C.  Sureties have no idea that Massachusetts has a very tough unfair insurance claims settlements practice act.

            Bond claims departments, by my experience, don’t tend to understand - at least on the go-in for any particular matter - the different components of local law.

            In Massachusetts, a fairly liberal and pro-consumer state, there is a fairly strong statute which instructs insurers - and sureties - how claims are to be investigated and handled.   Under Massachusetts law, as to insurance practices towards consumers, violations of C. 176D (the statute regulating insurance claims handling practices) are a fortiari (on their face) violations of C. 93A of the General Laws (Consumer Protection Act), under which claimants can get up to triple damages and reasonable attorneys’ fees for unfair and deceptive trade practices committed upon them.   As to insurance claims by businesses against insurers,  this presumption does not obtain.    However,  violations of C. 176D may also constitute independent violations of C. 93A affording to businesses the same potential remedies.   

            As stated by District Court in the case of Kiewit Construction Company v. Westchester Fire Insurance Company,  878 F.Supp. 298, 302 ( United States District Court, D. Massachusetts, 1995):  

            “ The principle that 176D does not immunize from attack under 93A the practices which 176D declares unlawful was first established in  Dodd v. Commercial Union Ins. Co., 373 Mass. 72, 365 N.E.2d 802, 805-06 (1977).   In  Dodd, the SJC considered the concurrent application of 93A and 176D to the same allegedly unfair practices and expressly rejected the argument that 176D preempts 93A. Thus, the SJC held that " c. 93A, S 2(a), covers insurance practices in its prohibition of unfair or deceptive acts or practices in any trade or commerce."   Id. 365 N.E.2d at 805.   Significantly for present purposes, the SJC drew no distinction in  Dodd between suits brought under  Section 9 and  Section 11.  (ED: Consumers sue under Section 9 while businesses sue under Section 11.)  While it might be argued that  Dodd is not dispositive because it was decided before  Section 9 (but not  Section 11) was amended specifically to incorporate 176D, such argument would be without merit.   There is no evidence that the Massachusetts legislature, by amending  Section 9 specifically to incorporate 176D, intended to overrule the broad holding in  Dodd that  Section 2 of 93A "covers insurance practices."   Since  Section 11 permits commercial plaintiffs to sue for injury resulting from violations of Section 2, it follows that plaintiffs such as KAK may assert claims against their insurers under  Section 11.   Indeed, both  Jet Line, 537 N.E.2d 107 (Mass.1989), and  Polaroid, 610 N.E.2d 912 (Mass.1993), were decided after 93A was amended in 1979, and, in both those  Section 11 cases, the SJC upheld the application of  Section 2 to practices by insurance companies that were alleged to be unfair and deceptive.   There is thus no merit to Westchester's position that a commercial plaintiff may not bring suit against an insurance company under  Sections 2 and  11 of 93A for engaging in conduct that also happens to violate 176D.   Westchester's motion to dismiss Count IV of KAK's Second Amended Complaint should therefore be denied.”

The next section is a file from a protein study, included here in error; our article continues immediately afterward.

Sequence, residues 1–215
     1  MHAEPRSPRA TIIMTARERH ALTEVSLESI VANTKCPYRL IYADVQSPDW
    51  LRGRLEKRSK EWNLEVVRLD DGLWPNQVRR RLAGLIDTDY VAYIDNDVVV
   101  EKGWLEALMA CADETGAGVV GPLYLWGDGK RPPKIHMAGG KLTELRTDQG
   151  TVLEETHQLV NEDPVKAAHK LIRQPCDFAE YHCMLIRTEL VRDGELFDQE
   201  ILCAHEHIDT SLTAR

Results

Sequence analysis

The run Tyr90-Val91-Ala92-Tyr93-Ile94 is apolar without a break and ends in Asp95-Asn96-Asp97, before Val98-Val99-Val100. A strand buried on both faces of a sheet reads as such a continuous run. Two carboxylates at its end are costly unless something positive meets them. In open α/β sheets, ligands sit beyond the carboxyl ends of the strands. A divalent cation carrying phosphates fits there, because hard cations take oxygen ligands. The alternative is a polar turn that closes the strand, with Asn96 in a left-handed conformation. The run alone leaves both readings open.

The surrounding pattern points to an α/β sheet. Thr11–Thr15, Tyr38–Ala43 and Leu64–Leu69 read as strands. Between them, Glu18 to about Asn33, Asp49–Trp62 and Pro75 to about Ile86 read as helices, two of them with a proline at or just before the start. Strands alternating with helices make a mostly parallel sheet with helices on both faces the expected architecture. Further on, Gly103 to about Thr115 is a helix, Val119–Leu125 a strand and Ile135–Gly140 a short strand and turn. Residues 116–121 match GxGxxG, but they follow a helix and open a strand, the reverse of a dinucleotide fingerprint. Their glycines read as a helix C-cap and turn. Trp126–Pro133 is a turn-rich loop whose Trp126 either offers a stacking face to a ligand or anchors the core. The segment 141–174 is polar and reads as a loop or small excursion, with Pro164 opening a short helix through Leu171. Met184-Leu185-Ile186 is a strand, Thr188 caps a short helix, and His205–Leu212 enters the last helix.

In this regard, see also St. Paul Village Condominium Association v. St. Paul Fire and Marine Insurance Company,  1996 WL 384249, 5 Mass.L.Rptr. 376:

            “In short, even in a commercial dispute between business organizations, a violation of c. 176D that rises to a level so as to constitute an unfair or deceptive act for purposes of  c. 93A, S 2, would seem to support an independent claim for violation of  c. 93A, S 11.”

            All this legal mumbo jumbo means that in a particularly egregious case, a surety could be looking at a triple damage award against it and an award of the claimant’s attorneys’ fees as well, which could prove to be, as they say in the NFL, a ‘career-ending injury’ for that insurance company employee who allowed  this event to happen.    The following excerpts from that statute ( C. 176D), along with the writer’s comments in italics,  are statutory requirements and practices that sureties have difficulty complying with: 

“S  3. Unfair methods of competition and unfair or deceptive acts or practices

 . . . . (9) Unfair claim settlement practices:  An unfair claim settlement practice shall consist of any of the following acts or omissions: